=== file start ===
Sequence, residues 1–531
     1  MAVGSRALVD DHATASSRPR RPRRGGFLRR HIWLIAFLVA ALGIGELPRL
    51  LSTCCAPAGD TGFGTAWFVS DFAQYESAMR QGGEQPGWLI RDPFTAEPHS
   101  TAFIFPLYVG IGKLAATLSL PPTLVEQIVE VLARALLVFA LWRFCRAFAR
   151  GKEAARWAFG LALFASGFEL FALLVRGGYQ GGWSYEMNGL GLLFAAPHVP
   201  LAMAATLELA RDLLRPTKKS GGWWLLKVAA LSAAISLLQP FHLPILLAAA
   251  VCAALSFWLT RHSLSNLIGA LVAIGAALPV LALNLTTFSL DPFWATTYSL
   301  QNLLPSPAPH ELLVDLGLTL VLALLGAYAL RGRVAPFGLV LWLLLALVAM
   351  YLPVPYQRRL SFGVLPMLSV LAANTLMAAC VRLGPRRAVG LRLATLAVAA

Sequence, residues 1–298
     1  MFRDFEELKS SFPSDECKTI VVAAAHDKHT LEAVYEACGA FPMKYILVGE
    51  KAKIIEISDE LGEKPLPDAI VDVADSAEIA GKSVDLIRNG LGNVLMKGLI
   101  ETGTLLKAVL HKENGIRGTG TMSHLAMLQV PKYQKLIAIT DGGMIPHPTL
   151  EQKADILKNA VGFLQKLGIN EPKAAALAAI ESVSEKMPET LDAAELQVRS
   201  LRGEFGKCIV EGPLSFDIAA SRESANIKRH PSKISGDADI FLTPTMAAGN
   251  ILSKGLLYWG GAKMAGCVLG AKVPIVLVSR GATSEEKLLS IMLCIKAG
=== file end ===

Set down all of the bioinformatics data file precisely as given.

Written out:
Sequence, residues 1–531
     1  MAVGSRALVD DHATASSRPR RPRRGGFLRR HIWLIAFLVA ALGIGELPRL
    51  LSTCCAPAGD TGFGTAWFVS DFAQYESAMR QGGEQPGWLI RDPFTAEPHS
   101  TAFIFPLYVG IGKLAATLSL PPTLVEQIVE VLARALLVFA LWRFCRAFAR
   151  GKEAARWAFG LALFASGFEL FALLVRGGYQ GGWSYEMNGL GLLFAAPHVP
   201  LAMAATLELA RDLLRPTKKS GGWWLLKVAA LSAAISLLQP FHLPILLAAA
   251  VCAALSFWLT RHSLSNLIGA LVAIGAALPV LALNLTTFSL DPFWATTYSL
   301  QNLLPSPAPH ELLVDLGLTL VLALLGAYAL RGRVAPFGLV LWLLLALVAM
   351  YLPVPYQRRL SFGVLPMLSV LAANTLMAAC VRLGPRRAVG LRLATLAVAA

Sequence, residues 1–298
     1  MFRDFEELKS SFPSDECKTI VVAAAHDKHT LEAVYEACGA FPMKYILVGE
    51  KAKIIEISDE LGEKPLPDAI VDVADSAEIA GKSVDLIRNG LGNVLMKGLI
   101  ETGTLLKAVL HKENGIRGTG TMSHLAMLQV PKYQKLIAIT DGGMIPHPTL
   151  EQKADILKNA VGFLQKLGIN EPKAAALAAI ESVSEKMPET LDAAELQVRS
   201  LRGEFGKCIV EGPLSFDIAA SRESANIKRH PSKISGDADI FLTPTMAAGN
   251  ILSKGLLYWG GAKMAGCVLG AKVPIVLVSR GATSEEKLLS IMLCIKAG